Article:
Practice these exercises a few times a week, and soon your core will be so strong, no one will guess you sit at a desk all day.
About the Author:
Patty Englebaugh founded ErgoStoreOnline.com in 1993. She has 19
years of experience installing ergonomic office furniture and computer accessories that create healthy work environments in home and corporate offices as well as in the healthcare, education, government, and business sectors. You can reach her Mon-Fri 8-6pm EST for one-on-one support for your ergonomic needs: (877) 971-0151.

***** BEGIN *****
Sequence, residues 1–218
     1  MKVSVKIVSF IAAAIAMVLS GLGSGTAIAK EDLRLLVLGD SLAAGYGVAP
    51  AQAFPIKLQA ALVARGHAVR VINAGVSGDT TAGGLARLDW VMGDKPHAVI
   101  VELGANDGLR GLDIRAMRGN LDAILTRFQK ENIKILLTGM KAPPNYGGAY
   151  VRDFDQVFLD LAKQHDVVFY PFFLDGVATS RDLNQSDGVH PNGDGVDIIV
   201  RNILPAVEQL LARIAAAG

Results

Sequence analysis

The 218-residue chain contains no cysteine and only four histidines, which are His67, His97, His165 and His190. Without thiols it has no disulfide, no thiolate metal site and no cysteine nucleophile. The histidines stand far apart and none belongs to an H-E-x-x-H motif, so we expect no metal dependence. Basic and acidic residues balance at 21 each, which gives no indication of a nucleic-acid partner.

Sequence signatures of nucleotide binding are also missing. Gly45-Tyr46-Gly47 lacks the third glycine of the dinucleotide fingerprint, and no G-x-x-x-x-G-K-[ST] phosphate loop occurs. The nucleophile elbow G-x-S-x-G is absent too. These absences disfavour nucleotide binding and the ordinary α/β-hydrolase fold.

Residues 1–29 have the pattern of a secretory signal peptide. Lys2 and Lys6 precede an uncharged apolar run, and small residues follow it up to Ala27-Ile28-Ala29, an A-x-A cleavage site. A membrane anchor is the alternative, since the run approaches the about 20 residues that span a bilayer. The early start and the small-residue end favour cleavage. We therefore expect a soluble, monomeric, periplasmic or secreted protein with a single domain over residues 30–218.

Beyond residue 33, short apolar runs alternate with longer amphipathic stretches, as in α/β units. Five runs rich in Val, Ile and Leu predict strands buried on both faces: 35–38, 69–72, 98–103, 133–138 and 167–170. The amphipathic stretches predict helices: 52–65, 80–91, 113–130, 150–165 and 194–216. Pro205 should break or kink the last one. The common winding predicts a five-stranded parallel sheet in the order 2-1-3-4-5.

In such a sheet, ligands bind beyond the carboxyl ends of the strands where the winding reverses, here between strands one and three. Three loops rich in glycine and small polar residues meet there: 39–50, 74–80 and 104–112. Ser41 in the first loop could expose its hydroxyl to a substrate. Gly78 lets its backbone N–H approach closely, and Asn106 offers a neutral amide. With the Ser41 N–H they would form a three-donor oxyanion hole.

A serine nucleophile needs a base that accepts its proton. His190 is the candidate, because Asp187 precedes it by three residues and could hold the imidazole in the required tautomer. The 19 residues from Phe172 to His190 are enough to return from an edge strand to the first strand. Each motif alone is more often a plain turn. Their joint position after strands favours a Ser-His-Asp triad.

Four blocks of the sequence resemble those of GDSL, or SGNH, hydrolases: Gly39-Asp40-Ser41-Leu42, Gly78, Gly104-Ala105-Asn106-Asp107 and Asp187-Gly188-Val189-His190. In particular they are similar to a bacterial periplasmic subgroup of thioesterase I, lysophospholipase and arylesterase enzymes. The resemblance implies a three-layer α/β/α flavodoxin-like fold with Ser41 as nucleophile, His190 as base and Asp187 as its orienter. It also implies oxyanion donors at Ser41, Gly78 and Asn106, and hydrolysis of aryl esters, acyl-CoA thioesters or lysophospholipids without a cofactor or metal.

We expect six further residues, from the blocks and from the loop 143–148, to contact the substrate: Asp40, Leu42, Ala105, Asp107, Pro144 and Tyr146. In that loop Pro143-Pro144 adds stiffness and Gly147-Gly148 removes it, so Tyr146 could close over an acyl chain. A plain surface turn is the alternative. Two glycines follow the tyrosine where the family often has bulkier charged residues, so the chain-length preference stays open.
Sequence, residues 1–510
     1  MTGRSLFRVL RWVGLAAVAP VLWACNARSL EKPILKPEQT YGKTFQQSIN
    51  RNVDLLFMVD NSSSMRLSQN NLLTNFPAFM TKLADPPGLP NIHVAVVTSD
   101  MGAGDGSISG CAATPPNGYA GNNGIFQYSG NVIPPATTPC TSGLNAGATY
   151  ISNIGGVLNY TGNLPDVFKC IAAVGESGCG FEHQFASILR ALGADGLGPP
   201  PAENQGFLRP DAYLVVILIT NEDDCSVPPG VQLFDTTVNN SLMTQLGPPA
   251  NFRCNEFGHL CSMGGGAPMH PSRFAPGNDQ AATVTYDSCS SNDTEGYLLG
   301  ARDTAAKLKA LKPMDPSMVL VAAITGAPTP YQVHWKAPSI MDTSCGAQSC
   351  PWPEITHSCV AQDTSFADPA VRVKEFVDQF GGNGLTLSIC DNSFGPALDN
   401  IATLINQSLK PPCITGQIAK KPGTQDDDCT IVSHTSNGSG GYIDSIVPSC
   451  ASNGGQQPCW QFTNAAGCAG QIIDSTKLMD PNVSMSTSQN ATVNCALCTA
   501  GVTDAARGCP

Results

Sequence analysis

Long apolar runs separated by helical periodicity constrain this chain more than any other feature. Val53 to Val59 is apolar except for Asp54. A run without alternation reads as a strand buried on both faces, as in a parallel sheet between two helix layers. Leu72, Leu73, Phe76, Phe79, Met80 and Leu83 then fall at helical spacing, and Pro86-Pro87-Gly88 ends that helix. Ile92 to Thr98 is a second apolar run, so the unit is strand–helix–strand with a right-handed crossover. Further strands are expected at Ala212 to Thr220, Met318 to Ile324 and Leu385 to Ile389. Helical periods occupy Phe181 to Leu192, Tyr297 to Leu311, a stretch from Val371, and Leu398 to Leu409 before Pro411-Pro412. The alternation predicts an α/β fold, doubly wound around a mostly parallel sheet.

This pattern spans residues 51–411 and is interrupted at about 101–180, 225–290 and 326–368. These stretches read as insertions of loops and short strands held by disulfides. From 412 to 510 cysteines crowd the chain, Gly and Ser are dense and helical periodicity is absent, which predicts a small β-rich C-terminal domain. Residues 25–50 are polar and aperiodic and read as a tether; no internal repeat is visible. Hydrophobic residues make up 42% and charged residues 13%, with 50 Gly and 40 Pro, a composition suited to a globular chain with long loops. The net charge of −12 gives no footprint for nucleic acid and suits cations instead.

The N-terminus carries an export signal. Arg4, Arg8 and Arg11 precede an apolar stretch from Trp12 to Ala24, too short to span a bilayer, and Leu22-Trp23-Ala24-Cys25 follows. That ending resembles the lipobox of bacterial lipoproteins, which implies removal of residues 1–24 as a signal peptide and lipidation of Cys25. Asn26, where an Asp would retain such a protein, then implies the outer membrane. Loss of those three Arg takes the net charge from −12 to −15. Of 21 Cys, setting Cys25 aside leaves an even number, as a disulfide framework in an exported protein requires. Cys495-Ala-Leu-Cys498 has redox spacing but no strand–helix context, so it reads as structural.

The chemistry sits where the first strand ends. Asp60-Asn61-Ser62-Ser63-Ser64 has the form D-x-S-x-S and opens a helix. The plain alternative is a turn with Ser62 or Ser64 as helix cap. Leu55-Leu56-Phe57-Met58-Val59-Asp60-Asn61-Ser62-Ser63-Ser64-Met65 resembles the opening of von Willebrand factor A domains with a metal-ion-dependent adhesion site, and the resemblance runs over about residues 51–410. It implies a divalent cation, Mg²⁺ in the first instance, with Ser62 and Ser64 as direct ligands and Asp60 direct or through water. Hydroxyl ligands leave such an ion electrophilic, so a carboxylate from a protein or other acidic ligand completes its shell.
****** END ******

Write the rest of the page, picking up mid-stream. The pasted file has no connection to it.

Well-meaning friends and family members urge you to take care of yourself. Yet every minute they’re telling you to sleep, eat right, and exercise, and relax, you’re thinking “if only you knew.” There are doctor’s appointments to rush off to, prescriptions to be filled, meals to be cooked and you’re afraid to leave your spouse alone.
Still, what you really want is your spouse to be well-cared for by the person who loves them most. And that person is you. And one way to increase the probability you’ll be able to continue to fulfill this invaluable role is to exercise. Exercise reduces the incidence of a whole host of debilitating diseases. It also improves sleep and will help you feel more energized and optimistic. If you are coping and in control, it will be easier for you to maintain a cheerful face so your souse will be more likely to enjoy the moment with you instead of focusing on fear of the disease.